Driving Directions 

Note: This dirt road is maintained fairly well, but is best suited for trucks and SUVs. Make sure your spare tire is functioning, as the road tends to get bumpy and a spare may be called for. The last 0.2 miles is moderately sandy – if you don’t have four-wheel drive, you’ll want to cover the last section on foot.

From state Route 17, the only highway through Toquerville, turn east onto Spring Street. This will be your road for the next 5.8 miles. This drive typically takes about 30 minutes to get to the falls.

Relaxing on the terraced swimming hole in the greater Zion National Park area known as Toquerville Falls, LaVerkin Creek, Utah, August 10, 2014 | Photo by Drew Allred, St. George News

After 0.6 miles, the pavement ends and the road turns into a fairly well-graded gravel road. The winding road gains and loses lots of elevation. Stay right at the first fork you come across – 3.5 miles from Toquerville.

After 5.3 miles you’ll see the falls for the first time from the road. At the next turn, turn right – exactly 5.6 miles from Toquerville. This is where the road can get a little sandy. Park here, or if you have four-wheel drive, continue for 0.2 miles until you reach the swimming hole.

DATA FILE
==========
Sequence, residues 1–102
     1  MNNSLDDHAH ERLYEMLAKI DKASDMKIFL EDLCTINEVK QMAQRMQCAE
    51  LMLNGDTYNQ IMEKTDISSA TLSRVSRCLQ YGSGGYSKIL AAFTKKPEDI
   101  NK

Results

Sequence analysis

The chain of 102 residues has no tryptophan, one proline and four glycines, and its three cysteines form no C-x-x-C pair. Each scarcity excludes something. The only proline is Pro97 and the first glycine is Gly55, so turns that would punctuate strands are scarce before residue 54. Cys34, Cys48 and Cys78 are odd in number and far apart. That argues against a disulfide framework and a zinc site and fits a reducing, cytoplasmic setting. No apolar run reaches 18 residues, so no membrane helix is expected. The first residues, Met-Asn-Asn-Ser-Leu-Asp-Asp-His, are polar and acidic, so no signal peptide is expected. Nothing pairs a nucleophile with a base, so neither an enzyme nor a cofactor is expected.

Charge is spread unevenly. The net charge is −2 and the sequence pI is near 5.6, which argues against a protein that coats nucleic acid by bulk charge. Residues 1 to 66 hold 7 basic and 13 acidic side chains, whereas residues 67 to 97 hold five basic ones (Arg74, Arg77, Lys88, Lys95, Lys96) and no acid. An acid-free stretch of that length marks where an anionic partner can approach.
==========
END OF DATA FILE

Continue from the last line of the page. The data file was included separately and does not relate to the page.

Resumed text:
WARNING

The cliffs surrounding the waterfalls are brittle and slippery. Falls from these cliffs have produced several serious injuries, including this one earlier this year when a woman was life-flighted from the area after sustaining injuries from a fall. Stay away from the edges of the cliffs and refrain from jumping to avoid injuries.

Dirt bikers stopped to enjoy views of the magical swimming hole in the greater Zion National Park area known as Toquerville Falls, LaVerkin Creek, Utah, August 10, 2014 | Photo by Drew Allred, St. George News

Also, this creek has been known to produce flash floods, especially during the late summer months. Flash floods are the desert’s avalanches. These notorious walls of water are extremely dangerous to be caught in and regularly cause injuries and deaths across the southwest. Stay out of the river if you have any suspicion of rain in the area. Track weather forecasts, and keep your eyes up for rain clouds before entering any desert waterways.

ADVISORY

This wilderness area is in an isolated part of the vast, uninhabited desert of southwestern Utah. There is absolutely no cell phone service once you leave Toquerville, and it’s unlikely you will come across another soul on this backcountry road.